This next story comes out of 65’s.

An out-of- house SOD member was working on RA 65 and was ready for a nice day of R+R when a run finally came in for the rescue. Turns out the run called for the Heavy Lift Gurney, so one of the normally assigned members jumped on the rescue and sent the SOD guy to the engine. Now that the SOD guy had no run to go on, he decided to head to the kitchen to see if he could help out with lunch preparation. As perfect timing would have it, just as the cook finished explaining what was needed to make the entire lunch, he received an “important” phone call that he “had to take.” Our hero was left in the kitchen “assisting” with lunch by himself. Twenty minutes go by, 30 minutes, and nobody can be found. Finally he finished preparing the meal and went into the front office and found the original “cook” taking care of some “important” office work, which included

taking personal phone calls and monitoring the TV; moreover, one of the regularly assigned members came in the kitchen and sat down at the table with the morning paper and didn’t even ask the out-of-house-lunch-making-member if he needed any help. Must be part of his study program for the next captain’s test. Leadership by example . . . Over at 57’s, one of the members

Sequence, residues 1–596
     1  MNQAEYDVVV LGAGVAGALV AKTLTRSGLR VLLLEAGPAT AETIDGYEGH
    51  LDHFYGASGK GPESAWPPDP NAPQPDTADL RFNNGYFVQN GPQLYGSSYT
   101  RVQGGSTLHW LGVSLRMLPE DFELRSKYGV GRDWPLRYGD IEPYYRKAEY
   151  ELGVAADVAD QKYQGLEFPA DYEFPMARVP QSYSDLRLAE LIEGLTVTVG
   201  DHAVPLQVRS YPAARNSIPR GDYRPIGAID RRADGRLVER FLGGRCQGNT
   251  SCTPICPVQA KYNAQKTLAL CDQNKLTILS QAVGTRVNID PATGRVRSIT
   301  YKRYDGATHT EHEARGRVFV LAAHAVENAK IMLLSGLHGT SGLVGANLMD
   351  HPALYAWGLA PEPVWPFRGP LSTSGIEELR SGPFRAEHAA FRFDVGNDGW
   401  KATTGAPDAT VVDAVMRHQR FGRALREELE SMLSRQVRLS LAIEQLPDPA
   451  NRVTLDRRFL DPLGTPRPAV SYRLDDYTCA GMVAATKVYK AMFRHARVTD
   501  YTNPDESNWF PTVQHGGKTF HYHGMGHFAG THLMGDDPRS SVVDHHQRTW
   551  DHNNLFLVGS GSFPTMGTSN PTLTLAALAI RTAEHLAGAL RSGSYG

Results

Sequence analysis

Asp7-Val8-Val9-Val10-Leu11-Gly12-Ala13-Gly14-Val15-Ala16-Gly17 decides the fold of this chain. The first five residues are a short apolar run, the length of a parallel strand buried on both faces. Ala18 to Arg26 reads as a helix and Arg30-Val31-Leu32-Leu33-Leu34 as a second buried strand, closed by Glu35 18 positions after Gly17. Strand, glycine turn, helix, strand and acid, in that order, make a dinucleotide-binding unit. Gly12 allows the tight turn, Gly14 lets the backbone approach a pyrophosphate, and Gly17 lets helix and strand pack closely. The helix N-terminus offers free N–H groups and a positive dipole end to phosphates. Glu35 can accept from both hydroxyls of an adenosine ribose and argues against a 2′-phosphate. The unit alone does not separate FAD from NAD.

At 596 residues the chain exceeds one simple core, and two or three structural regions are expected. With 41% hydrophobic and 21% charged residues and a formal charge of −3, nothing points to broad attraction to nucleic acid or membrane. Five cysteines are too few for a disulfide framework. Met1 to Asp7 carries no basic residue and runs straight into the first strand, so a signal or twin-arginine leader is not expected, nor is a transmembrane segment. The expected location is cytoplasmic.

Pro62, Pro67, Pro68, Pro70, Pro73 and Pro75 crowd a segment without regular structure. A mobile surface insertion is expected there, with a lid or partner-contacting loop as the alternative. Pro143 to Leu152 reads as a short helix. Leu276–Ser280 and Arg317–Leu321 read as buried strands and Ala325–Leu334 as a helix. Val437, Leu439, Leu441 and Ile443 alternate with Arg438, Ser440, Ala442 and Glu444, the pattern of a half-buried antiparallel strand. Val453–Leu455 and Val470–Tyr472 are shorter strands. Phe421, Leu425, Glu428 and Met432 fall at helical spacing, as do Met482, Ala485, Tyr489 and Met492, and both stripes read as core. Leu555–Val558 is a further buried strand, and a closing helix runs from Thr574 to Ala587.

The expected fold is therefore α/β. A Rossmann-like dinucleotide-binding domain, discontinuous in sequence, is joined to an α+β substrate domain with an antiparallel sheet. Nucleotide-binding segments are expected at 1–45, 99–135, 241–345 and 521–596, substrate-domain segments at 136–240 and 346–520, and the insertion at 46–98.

was up to cook. Being assigned to a busy triple means that you really have to be a master of multi-tasking and time management. Luckily this member decided to take some worry out of his busy work day and went shopping off duty. When he came home and unpacked his home groceries, his wife saw what he was going to prepare for lunch the following day and decided that it looked good for dinner. Not wanting to shortchange the crew, but also wanting to make his wife happy, this member was caught in a real pickle. He decided to call his most trusted confidant and friend, his RA 257 partner. The partner gave the go-ahead and promised to keep it “just between us.” As they were putting away the groceries next morning at the station, the crew noticed that the bag of frozen meatballs was not only open, but also a little light. Noth- ing was said until 06:30 the following morning when the trusted partner could no longer hold it in. Oh well. Hey “Cookie,” your wife owes $5 for lunch.

This multi-tasking chef is also an avid

handball player and recently competed and did well in this last singles tournament. Recently, a C shifter, who has only played a few times, was looking to improve his game and asked this salty veteran of the court to show him a few things. The handball vet gladly accepts, gets “suited up” in his newly acquired tournament shirt and shorts, and takes the handball rookie to the court. Three games later, the vet comes out of the court with his head on the floor and his tail between his legs and apparently for the first

truck 66 memBers cleaninG up aFter a Fire at 5146 s victoria ave on FeBruary 2, 2012.

photo By yvonne GriFFin, epn

April 2012 • 17